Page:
“Achieve poetry without needing to say a word”
by Domenico La Porta
Cineuropa: This is the first time you’ve made a film with an actor of Gérard Depardieu’s calibre. Was it more challenging?
Gustave Kervern: We were better prepared. Gérard likes to shoot films quickly. We took this into account. We usually shoot without a script, but for Mammuth [+see also:
interview: Gustave Kervern, Benoî…
film profile], we did more advance preparation with more location research, more preliminary ideas for framing, even before the actors arrived. We had more written notes as well. We still didn’t go as far as a traditional screenplay, but we didn’t want Gérard to get fed up while we were dealing with the technical side.
Other than that, we put everyone on the same level. Gérard is an actor just like Bouli Lanners, Yolande Moreau and all the others, whether they’re professional or non-professional for that matter. There’s no preferential treatment. We’re just as welcoming and nice to everyone.
Benoît Délépine: Working with Gérard is really great. He knows all about technique since he’s worked on 400 films throughout his career. You don’t have to tell him much. He knows what has to be done and in the end he directed his own character.
His character calls to mind Mickey Rourke in The Wrestler: his haircut, overall strange appearance, the scene at the meat counter, his social background and nostalgic comeback. Are these deliberate references?
Kervern: No, not at all. I hadn’t seen Aronofsky’s film before making Mammuth. I saw it afterwards and it’s an excellent film so, even though the similarities are unintentional, the comparison is flattering. We didn’t have much choice when it came to Gérard’s look. He didn’t want to change his hairstyle, even though he’s done this often during his career. We needed an ageing biker look, which was incompatible with his usual haircut. The wig and other additions were found at the last minute. It was very difficult imposing all that on Gérard, but it was important for him to change because his character also changes in the film.
Was it easy to convince him to do the rather risqué scene where he’s in bed with another man?
Kervern: We still think of Gérard in Going Places, so even though he hasn’t done that type of thing in recent years, we hoped he still had the guts for it. We like a “sexually direct” approach and he was aware of this. He chose to make a film with us by giving his whole self, without being paid. He trusted us. It’s a big mark of respect and we’re grateful to him for it.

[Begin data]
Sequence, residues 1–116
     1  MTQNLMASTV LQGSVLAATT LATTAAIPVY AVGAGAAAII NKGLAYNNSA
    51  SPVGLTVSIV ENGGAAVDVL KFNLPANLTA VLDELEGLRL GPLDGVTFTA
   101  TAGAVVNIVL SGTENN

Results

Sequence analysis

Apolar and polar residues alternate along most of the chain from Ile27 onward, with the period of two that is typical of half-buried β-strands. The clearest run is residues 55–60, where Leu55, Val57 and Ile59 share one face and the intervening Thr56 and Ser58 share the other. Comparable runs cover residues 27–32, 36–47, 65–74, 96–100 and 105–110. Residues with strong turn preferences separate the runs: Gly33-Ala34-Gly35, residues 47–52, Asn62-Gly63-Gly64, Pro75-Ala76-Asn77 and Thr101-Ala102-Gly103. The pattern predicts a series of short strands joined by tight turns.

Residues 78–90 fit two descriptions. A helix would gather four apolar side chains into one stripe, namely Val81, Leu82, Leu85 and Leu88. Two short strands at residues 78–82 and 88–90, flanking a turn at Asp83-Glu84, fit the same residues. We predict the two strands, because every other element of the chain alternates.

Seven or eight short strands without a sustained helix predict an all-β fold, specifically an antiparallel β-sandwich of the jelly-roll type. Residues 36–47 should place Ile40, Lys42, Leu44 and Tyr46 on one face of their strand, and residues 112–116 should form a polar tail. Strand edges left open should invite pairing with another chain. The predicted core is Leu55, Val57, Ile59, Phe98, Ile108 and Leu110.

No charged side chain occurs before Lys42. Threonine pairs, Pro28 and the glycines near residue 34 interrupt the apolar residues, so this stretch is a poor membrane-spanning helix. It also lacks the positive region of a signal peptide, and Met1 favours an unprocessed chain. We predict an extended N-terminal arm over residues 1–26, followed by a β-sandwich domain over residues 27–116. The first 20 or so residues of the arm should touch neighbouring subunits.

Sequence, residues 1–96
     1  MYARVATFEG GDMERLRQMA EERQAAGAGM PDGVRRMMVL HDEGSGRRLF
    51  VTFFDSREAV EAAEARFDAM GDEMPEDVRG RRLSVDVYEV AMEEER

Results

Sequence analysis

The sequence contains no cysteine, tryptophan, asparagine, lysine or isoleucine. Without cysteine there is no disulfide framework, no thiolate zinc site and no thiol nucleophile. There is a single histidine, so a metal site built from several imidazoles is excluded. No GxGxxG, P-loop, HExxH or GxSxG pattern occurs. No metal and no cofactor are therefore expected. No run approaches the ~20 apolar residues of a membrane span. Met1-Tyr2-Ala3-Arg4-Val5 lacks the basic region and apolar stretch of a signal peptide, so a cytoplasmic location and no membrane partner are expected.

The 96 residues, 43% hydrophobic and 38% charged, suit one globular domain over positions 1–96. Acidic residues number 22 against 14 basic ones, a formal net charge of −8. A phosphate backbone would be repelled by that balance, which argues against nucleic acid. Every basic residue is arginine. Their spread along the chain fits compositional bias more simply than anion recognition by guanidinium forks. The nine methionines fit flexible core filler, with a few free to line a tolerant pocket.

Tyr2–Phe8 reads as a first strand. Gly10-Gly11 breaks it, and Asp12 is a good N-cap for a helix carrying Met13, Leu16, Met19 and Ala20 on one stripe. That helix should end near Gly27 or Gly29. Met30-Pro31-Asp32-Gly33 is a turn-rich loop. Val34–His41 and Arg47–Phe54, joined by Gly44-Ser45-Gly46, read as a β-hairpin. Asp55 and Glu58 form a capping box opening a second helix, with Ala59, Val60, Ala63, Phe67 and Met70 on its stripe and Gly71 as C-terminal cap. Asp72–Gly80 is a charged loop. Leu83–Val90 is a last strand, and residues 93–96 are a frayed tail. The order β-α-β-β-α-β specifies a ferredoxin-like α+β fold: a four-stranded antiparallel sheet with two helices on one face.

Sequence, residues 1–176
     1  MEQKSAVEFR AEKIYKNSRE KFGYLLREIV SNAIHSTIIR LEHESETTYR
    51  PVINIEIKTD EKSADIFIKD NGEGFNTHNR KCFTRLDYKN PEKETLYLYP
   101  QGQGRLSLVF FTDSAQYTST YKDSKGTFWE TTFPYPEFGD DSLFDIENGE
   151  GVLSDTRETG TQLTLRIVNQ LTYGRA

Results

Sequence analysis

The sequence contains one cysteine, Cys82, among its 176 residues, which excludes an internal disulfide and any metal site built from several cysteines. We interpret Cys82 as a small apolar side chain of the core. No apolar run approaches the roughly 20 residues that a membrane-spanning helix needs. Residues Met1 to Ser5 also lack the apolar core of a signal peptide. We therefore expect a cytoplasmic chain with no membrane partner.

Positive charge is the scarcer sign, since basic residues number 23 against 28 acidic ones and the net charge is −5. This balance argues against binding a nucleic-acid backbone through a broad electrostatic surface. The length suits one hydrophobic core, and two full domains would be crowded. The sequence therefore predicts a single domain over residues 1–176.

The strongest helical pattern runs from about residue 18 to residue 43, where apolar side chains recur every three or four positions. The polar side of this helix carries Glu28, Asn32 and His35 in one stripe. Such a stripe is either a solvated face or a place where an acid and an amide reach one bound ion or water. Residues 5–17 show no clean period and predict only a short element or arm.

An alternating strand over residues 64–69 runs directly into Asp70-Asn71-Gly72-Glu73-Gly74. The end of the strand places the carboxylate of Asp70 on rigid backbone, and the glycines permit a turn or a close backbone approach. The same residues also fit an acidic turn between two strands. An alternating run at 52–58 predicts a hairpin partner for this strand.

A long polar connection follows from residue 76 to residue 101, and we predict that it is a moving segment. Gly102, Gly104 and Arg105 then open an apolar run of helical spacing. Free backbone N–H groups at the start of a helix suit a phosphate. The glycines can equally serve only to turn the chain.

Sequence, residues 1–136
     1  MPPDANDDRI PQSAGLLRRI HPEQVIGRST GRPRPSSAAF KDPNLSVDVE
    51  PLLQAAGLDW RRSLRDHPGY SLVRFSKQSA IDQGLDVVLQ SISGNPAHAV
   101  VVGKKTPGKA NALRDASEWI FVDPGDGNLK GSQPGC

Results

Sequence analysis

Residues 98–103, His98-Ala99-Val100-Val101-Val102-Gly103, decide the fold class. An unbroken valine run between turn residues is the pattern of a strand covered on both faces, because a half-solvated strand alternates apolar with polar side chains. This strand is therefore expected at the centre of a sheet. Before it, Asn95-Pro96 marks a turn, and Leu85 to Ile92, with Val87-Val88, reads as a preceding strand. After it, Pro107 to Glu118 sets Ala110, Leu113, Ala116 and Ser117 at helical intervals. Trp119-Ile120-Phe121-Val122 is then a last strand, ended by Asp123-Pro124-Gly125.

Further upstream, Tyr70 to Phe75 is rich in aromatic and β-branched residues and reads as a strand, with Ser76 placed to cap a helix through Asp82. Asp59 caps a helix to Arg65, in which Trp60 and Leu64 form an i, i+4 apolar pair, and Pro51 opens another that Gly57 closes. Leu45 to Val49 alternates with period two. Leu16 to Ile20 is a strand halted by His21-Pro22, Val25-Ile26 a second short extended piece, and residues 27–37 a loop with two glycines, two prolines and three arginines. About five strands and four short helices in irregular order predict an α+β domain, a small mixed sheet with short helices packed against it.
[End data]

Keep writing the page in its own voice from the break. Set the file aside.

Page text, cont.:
The film has a distinctive visual style.
Kervern: People say to us: “Your film’s image quality is lousy”. They expect to see HD everywhere. That’s the exact opposite of what we want. This film stock is called reversible. It’s never been used in cinema. It’s very hard to work with and I don’t think we’ll use it again, as it made life so difficult for us, especially at the colour grading stage. It was a real nightmare but we’re pleased with the result.
Délépine: For us, it was somewhat the equivalent of black-and-white in colour. We wanted to achieve poetry without needing to say a word. But don’t get me wrong, we’re not aiming for aesthetic effects with crazily ambitious shots and acrobatic camera movements. The film is beautiful, but not overly aesthetic. At least, that’s what we hope.
You have an unusual way of representing old people in your films, by making them do or say surprising, sometimes shocking things.
Délépine: They’re our heroes. The mere fact of giving them the chance to do irreverent things is, in our opinion, a major mark of respect towards them. They don’t give a damn. They’ve gained great wisdom. They give their bodies wholeheartedly. This is truly an artistic act on their part. In a sense, Depardieu is like that. He’s an old man. He has nothing left to lose.
Kervern: I think they’re beautiful, never pathetic. It’s like Gérard in the film. He often joked about his body when he saw himself like that on screen, but we thought he was magnificent. He’s a big fat lion, but a total lion nonetheless.